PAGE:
Making Your Divorce Easier On the Children


baby-teddy-bear-cute-39369.jpegAs you find yourself getting consumed by your divorce, whether coping with anger, sadness, stress, or financial problems; keep your eyes open for signs that your children may be negatively affected by your divorce too.

Keep in mind that unless it’s very apparent to kids that their parents are better off without each other, most children do not want their parents to separate. As such, it is only natural that the children will be affected by your divorce. However, there are certain steps that you can take to make the process easier on them.

  1. Don’t get so caught up in your own grief, anger or stress that you end up neglecting your children.
  2. To the best of your ability, explain to your children the reasons why you and your spouse are separating. Consider gathering the whole family and telling them the news together. Note that younger children generally cope easier with the divorce as they frequently do not yet understand the upcoming changes and are easier to distract.
  3. Make sure that your children understand that the reason you are divorcing is not because they did anything wrong.
  4. Don’t have your child serve as a go-between and deliver messages from one parent to the other.
  5. Try not to argue in front of your children. The less negative communication the children see between their parents, the better. Kids are really sensitive to things like voice tone, and it’s very upsetting for them to see their mom and dad fighting.
  6. Stick to a routine, if possible. Keeping children’s schedules, school, and activities the same will help them adjust to your divorce easier.
  7. If possible, ensure similar rules at both households.Having the same bedtime and chores at mom and dad’s house makes the transition easier.
  8. Never use your child to punish your spouse. It’s hurtful to the children to restrict their access to the other parent. Children love both their parents and want to see them both.
  9. Don’t interrogate your child about what they did while spending time with the other parent.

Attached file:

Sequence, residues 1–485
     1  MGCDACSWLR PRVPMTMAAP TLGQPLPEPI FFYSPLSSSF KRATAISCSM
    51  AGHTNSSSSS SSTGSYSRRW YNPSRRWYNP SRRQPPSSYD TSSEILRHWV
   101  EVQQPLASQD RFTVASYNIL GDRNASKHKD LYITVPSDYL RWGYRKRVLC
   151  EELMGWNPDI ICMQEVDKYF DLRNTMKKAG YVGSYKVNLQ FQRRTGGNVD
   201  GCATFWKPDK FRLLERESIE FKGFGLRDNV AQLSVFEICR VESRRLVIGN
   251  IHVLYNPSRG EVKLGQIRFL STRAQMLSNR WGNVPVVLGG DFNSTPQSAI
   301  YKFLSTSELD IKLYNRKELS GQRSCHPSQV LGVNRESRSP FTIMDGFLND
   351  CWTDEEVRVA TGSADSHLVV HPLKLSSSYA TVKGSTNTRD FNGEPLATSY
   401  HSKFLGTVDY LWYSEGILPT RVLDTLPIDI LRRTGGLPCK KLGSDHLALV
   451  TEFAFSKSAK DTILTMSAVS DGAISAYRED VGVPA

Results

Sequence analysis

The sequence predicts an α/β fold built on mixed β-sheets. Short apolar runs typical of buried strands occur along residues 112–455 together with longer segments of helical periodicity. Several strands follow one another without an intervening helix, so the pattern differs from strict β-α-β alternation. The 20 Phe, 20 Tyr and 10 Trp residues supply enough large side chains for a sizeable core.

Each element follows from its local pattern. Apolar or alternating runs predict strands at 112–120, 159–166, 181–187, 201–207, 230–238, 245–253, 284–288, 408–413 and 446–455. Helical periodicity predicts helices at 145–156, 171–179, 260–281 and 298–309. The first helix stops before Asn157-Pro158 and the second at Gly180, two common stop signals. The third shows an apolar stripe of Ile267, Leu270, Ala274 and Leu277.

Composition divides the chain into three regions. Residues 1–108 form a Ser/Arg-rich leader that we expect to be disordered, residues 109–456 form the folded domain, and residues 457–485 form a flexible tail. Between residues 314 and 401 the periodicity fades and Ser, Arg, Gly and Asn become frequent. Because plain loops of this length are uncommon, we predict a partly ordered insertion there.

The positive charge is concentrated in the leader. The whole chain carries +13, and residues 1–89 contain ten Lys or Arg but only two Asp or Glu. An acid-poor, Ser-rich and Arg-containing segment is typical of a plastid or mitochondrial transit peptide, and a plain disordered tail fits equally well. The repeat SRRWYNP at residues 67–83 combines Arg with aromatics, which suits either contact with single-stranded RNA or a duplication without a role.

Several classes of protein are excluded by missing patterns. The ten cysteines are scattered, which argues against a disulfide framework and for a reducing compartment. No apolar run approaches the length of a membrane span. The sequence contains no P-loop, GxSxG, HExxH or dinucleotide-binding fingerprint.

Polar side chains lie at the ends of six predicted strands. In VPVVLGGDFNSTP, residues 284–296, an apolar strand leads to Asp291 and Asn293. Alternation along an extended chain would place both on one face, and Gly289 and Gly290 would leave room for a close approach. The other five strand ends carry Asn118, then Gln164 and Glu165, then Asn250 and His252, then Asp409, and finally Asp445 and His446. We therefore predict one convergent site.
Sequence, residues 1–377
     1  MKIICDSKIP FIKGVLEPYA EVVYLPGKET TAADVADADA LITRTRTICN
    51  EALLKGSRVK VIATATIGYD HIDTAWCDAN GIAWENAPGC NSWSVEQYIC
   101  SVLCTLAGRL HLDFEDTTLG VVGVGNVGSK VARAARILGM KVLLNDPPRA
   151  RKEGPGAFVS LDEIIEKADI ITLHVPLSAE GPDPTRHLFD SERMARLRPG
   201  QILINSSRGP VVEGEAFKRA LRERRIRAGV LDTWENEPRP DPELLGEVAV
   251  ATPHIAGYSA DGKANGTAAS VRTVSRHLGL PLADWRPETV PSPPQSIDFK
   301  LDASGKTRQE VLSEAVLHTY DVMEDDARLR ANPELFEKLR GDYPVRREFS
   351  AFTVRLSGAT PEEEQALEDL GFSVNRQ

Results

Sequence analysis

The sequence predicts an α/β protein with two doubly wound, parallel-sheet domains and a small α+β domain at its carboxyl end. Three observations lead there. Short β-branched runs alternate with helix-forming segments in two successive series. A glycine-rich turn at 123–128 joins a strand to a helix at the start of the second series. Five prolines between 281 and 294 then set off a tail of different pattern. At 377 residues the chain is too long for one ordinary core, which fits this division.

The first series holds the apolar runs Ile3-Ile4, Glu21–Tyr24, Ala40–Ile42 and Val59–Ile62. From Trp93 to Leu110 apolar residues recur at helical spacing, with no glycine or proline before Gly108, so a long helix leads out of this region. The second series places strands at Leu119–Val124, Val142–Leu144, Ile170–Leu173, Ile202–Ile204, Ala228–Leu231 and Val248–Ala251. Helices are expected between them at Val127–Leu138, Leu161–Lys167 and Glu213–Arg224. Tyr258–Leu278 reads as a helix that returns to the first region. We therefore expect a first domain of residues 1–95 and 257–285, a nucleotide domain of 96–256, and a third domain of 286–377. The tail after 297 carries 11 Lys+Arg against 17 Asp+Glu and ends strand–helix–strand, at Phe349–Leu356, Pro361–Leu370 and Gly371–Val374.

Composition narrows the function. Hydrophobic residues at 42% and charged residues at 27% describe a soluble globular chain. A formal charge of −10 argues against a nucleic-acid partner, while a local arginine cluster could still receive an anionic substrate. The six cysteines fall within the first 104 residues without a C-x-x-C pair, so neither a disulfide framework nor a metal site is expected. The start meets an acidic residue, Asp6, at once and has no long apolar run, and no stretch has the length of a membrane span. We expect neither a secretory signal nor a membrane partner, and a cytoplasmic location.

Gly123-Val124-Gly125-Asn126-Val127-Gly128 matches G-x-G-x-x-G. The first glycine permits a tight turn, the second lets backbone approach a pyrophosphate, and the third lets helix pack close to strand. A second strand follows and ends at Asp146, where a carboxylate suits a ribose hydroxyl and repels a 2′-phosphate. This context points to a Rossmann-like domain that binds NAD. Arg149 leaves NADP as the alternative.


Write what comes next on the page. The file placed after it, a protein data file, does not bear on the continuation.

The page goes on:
10. Don’t’ make your child feel guilty about wanting to spend time with the other parent, and most definitively don’t ask them to choose sides. Children love both their parents and it’s not fair to ask them to favor one parent over the other.
  11. Try not to put down your ex-spouse while the children are around.When you make negative comments about the other parent, it indirectly hurts the children too.
  12. Don’t make your child be your therapist. Do not burden your children with your problems and anxieties, as your children are hurting too and might be trying to handle their own fears.
  13. Keep ties with family and friends strong. The more the children can stay connected to their support group the better they will feel.
  14. Don’t forget to take care of yourself. Get enough rest. Try to eat healthy. Let friends and family be there for you in your time of need. You will not be able to effectively parent your children, if you get sick or are too exhausted to care for them.
  15. Let your children know that you are there for them no matter what. Kids are fairly resilient and if they know that they are loved and can count on you, they will eventually adjust to the changes.

About teperlaw

I am an attorney practicing family law, immigration and wills and estate planning. You can find out more about me and my firm by visiting my website at: 106 W. Franklin Ave. Pennington, NJ 08534 (609) 737-3030
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